The Prime Minister of New Zealand, Jacinda Ardern, has ruled out the introduction of a capital gains tax (CGT) under her leadership, despite being one of the main issues she campaigned on with the view that it could make the nation’s taxation system fairer.
The CGT was recommended in February by the Tax Working Group, which the government spent $2 million on to review inequities in the nation’s taxation system. The proposed capital gains tax covered assets such as residential rental homes, investment properties, land and buildings, business assets, intangible property and shares.
“I genuinely believe there are inequities in our tax system that a capital gains tax in some form could have helped to resolve. That’s an argument Labour has made as a party since 2011,” Ms Ardern said.
But due to no consensus being reached within the Coalition government and poor public support, the CGT proposal was abandoned.
“After almost a decade campaigning on it, and after forming a government that represented the majority of New Zealanders, we have been unable to build a mandate for a capital gains tax,” the Prime Minister said last week.
“While I have believed in a CGT, it’s clear many New Zealanders do not. That is why I am also ruling out a capital gains tax under my leadership in the future.”
However, Ms Ardern suggested that other steps could be taken to address inequities in the tax system.
“As such, the Coalition government has agreed to tighten rules around land speculation and work on ways to counter land banking,” she said.
Finance Minister Grant Robertson said that while the government has canned capital gains tax, other recommendations from the Tax Working Group would be considered for inclusion in its tax policy work programme.
“We intend to direct the Productivity Commission to include vacant land taxes within its inquiry into local government funding and financing,” Mr Robertson said.
BusinessNZ CEO Kirk Hope welcomed the government’s decision, saying that a CGT would have adversely impacted businesses, reducing funds available for investment and job growth and adding to their compliance burden.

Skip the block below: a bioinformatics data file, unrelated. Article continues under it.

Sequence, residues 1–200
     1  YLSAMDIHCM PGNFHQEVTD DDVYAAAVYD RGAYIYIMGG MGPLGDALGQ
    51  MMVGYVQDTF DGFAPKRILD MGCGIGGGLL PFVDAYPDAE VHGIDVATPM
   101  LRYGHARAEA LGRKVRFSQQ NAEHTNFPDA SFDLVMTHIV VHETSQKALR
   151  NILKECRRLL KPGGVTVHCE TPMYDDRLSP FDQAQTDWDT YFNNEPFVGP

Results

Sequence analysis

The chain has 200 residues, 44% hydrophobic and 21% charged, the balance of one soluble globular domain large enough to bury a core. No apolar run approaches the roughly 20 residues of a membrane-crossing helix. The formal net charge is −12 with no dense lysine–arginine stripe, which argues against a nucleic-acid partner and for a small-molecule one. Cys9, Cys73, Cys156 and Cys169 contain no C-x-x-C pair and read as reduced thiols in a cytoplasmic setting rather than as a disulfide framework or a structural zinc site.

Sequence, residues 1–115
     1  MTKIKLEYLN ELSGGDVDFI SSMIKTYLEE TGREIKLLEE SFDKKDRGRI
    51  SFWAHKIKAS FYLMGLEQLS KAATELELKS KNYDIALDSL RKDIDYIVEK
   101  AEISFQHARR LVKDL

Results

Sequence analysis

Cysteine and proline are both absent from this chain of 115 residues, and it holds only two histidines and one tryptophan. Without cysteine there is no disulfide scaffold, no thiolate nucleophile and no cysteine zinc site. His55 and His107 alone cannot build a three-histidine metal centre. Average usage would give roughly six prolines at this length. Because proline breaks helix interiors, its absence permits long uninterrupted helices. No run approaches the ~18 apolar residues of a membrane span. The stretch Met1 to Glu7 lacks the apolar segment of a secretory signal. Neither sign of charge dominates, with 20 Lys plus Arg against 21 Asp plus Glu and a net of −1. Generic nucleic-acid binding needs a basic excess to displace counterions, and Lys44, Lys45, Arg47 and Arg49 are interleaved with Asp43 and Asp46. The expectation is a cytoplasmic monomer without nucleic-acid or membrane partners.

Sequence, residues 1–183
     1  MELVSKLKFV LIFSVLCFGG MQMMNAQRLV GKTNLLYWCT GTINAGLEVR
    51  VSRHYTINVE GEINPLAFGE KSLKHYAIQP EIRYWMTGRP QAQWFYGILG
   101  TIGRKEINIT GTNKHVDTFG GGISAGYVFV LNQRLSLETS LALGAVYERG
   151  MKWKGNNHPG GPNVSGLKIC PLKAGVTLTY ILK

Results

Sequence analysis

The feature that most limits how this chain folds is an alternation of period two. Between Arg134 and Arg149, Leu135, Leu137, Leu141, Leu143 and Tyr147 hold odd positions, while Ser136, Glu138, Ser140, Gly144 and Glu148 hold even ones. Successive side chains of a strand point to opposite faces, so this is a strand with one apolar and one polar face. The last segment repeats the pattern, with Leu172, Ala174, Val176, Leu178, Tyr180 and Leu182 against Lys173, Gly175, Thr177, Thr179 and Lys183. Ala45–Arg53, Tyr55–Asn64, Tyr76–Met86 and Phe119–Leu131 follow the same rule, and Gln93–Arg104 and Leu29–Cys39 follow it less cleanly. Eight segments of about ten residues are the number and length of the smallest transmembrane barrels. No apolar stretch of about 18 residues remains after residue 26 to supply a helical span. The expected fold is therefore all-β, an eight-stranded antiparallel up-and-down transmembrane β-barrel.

“Our members have been very clear that they did not see the justification for an expensive new tax that would have reduced the competitiveness of the New Zealand business sector for no discernible gain,” Mr Hope said.
One of the arguments against introducing a capital gains tax was that it had not worked in overseas markets.
Across the Tasman, the Australian Labor Party’s proposed housing affordability plan to limit negative gearing to new housing and reduce the capital gains tax discount from 50 per cent to 25 per cent has been met with strong criticism.
New modelling from the Property Investment Professionals of Australia (PIPA) found that by limiting negative gearing and reducing the CGT discount, the government would lose $32 billion in revenue over 10 years.
PIPA chairman Peter Koulizos said that the research found that Labor’s assertion that their policy would save $32 billion over a decade was a “flight of fancy”, claiming that the reverse would be true if investors are driven out of the market.
“Investors already pay almost four times in capital gains tax what they receive in negative gearing benefits over a 10-year period, so the government is already ahead financially,” Mr Koulizos said.
Industry pundits have also warned that Labor’s proposal would exacerbate the fall in dwelling values, with the data from property research group CoreLogic revealing that national home prices fell by 7 per cent per cent in the year to 31 March 2019.
Speaking on a panel at NAB’s annual budget breakfast on Wednesday (3 April), Jonathan Pain, economist and author of The Pain Report, observed: “I’m afraid to say that there’s only one consequence of [changes to negative gearing].
“If Labor wins and that comes in, clearly the sliding house prices are going to slide even further until we get to a new equilibrium. I’m not quite sure where that is.”